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J Control Release. 2018 Jun 28;280:76-86. doi: 10.1016/j.jconrel.2018.04.052. Epub 2018 May 4.

Magnetically driven drug delivery systems improving targeted immunotherapy for colon-rectal cancer.

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National Institute of Molecular Genetics (INGM), Milan, Italy; Externautics Srl, Siena, Italy.
Institute of Clinical Physiology, Experimental Oncology Unit, National Research Council (CNR) of Italy, Siena, Italy.
Externautics Srl, Siena, Italy.
Institute of Applied Physics, National Research Council (CNR) of Italy, Florence, Italy.
The BioRobotics Institute, Scuola Superiore Sant'Anna, Pisa, Italy.
European Institute of Oncology (IEO), Milan, Italy.
European Institute of Oncology (IEO), Milan, Italy; Department of Oncology and Hemato-oncology, University of Milan, Italy.
Institute of Clinical Physiology, Experimental Oncology Unit, National Research Council (CNR) of Italy, Siena, Italy. Electronic address:


Colorectal cancer (CRC) is one of the major causes of cancer-associated mortality worldwide. The currently approved therapeutic agents show a rather limited efficacy. We have recently demonstrated that the atypical cadherin FAT1 is a specific marker of CRC and that the FAT1-specific monoclonal antibody mAb198.3 may offer new therapeutic opportunities for CRC, being efficiently internalized by cancer cells and reducing cancer growth in colon cancer xenograft models. In this study we explored the therapeutic efficacy of mAb198.3 using two drug delivery systems (DDS) for improving the targeted treatment of CRC. The mAb198.3 was either directly bound to super-paramagnetic nanoparticles (spmNPs) or embedded into human erythrocyte-based magnetized carriers, named Erythro-Magneto-Hemagglutinin Virosomes (EMHVs) to produce two different novel mAb198.3 formulations. Both DDS were endowed with magnetic properties and were anchored in the target tumor site by means of an external permanent magnet. The antibody loading efficiency of these two magnetically driven drug delivery systems and the overall therapeutic efficacy of these two formulations were assessed both in vitro and in a proof-of-concept in vivo study. We demonstrated that mAb198.3 bound to spmNPs or embedded into EMHVs was very effective in targeting FAT1-positive colon cancer cells in vitro and accumulating in the tumor mass in vivo. Although both in vivo administered mAb198.3 formulations have approximately 200 lower antibody doses needed, these showed to achieve a relevant therapeutic effect, thus reducing cancer growth more efficiently respect to the naked antibody. These results indicate that the two proposed magnetically driven drug delivery systems have a considerable potential as platforms to improve bioavailability and pharmacodynamics of anti-FAT mAb198.3 and raise new opportunities for a targeted therapy of CRC.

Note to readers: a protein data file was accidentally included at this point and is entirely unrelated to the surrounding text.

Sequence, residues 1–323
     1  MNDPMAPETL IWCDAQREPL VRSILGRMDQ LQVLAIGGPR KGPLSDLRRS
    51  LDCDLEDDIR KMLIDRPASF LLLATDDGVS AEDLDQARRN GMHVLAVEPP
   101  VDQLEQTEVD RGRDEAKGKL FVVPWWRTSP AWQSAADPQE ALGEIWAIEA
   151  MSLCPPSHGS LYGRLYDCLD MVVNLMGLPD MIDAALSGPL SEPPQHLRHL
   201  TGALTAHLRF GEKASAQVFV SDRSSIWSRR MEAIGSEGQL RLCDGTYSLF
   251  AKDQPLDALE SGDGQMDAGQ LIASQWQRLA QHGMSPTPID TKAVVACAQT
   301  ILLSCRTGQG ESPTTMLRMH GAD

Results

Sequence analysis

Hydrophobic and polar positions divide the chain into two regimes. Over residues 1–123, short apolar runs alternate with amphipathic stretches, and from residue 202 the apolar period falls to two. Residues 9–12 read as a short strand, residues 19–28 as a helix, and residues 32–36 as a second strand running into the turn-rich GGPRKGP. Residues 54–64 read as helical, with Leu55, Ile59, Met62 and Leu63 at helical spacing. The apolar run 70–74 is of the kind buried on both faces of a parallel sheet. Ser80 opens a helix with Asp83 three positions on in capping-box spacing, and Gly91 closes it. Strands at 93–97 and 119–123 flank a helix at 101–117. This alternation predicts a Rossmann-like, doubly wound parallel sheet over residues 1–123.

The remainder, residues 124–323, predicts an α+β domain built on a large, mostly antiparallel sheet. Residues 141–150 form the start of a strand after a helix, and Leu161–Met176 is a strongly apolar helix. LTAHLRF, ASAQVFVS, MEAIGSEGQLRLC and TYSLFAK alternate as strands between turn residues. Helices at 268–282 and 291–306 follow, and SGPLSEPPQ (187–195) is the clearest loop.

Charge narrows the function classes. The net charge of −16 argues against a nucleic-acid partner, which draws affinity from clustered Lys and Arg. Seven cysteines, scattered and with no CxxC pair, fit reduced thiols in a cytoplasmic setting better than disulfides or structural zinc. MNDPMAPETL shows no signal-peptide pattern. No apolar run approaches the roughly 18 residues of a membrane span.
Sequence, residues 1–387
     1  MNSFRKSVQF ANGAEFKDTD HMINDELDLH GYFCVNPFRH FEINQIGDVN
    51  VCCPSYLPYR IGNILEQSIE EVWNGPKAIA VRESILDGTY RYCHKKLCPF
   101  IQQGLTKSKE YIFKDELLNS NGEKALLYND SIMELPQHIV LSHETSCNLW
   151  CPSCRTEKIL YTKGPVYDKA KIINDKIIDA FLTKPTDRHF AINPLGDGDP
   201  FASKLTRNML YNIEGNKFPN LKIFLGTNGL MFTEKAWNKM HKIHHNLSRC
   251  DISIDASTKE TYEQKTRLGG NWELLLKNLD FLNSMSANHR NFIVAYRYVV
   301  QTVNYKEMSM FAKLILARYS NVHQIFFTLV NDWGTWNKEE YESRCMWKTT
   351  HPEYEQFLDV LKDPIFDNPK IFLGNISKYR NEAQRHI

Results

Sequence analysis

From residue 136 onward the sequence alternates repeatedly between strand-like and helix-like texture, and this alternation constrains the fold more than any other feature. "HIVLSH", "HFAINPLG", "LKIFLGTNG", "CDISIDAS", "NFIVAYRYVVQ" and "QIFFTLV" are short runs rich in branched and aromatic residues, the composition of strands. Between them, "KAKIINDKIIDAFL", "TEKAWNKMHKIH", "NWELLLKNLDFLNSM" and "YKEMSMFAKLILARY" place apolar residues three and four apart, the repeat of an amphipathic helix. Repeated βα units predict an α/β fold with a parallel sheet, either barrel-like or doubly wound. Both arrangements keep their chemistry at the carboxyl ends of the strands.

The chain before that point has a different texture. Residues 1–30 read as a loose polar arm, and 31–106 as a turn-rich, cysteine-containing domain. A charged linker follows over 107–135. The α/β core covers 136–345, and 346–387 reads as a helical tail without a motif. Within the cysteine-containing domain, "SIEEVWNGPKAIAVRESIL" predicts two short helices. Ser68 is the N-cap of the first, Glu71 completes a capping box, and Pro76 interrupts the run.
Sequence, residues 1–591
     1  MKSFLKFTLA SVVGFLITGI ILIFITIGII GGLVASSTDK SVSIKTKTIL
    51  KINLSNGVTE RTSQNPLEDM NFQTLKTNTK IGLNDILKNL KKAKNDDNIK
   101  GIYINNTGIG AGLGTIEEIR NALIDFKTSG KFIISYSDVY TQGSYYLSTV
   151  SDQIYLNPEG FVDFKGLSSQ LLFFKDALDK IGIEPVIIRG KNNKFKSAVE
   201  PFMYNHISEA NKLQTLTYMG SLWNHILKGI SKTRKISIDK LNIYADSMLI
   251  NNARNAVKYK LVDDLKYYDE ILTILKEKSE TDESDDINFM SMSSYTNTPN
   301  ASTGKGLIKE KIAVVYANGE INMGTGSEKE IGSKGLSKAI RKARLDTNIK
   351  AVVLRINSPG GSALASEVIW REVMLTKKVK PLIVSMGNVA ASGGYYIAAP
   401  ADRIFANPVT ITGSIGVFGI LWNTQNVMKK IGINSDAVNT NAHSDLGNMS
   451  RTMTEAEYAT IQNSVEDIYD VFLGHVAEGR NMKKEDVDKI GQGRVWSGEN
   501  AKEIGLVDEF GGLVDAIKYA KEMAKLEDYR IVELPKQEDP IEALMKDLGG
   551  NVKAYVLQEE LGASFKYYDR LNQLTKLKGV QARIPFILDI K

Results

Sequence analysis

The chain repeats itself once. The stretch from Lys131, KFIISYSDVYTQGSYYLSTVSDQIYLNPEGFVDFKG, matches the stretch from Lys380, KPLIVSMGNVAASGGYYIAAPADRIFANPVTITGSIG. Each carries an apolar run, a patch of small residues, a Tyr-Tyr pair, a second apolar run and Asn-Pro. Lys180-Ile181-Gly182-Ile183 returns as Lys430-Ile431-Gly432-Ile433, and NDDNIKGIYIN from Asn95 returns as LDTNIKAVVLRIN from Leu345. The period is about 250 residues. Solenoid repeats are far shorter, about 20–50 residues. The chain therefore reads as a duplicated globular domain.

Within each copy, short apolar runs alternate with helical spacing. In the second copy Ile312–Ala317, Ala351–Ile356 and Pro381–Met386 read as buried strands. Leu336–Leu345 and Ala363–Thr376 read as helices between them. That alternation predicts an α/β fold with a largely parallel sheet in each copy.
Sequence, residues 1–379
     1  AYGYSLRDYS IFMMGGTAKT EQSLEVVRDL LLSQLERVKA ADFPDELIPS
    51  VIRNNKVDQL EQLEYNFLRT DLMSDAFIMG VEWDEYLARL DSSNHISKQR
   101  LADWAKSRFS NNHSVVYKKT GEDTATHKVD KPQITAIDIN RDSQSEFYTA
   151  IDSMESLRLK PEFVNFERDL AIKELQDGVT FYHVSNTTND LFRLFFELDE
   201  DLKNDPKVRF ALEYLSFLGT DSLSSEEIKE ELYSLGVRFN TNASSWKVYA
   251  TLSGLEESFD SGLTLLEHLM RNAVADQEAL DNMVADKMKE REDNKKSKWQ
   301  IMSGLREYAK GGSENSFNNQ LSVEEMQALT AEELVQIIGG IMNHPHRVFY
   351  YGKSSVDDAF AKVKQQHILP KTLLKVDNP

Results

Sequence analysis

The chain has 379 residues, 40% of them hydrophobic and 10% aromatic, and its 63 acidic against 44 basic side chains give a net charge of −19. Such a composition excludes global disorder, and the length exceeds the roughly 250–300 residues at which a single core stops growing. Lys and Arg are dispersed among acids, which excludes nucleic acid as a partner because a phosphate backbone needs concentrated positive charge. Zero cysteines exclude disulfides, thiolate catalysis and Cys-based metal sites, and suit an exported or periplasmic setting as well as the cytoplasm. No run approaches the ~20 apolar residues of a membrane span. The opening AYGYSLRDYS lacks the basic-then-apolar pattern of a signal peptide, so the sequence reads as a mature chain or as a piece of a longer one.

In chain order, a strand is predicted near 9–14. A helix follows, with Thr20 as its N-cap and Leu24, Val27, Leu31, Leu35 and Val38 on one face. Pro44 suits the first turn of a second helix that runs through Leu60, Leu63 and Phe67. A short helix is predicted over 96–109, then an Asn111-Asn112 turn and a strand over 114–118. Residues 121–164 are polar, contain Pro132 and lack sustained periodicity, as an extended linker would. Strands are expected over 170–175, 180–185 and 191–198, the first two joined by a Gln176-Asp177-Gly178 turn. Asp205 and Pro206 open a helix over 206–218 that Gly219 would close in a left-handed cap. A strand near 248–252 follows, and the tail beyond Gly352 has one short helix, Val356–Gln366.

Colorectal cancer; Magnetic delivery system; Monoclonal antibody; Nanoparticles; Targeting

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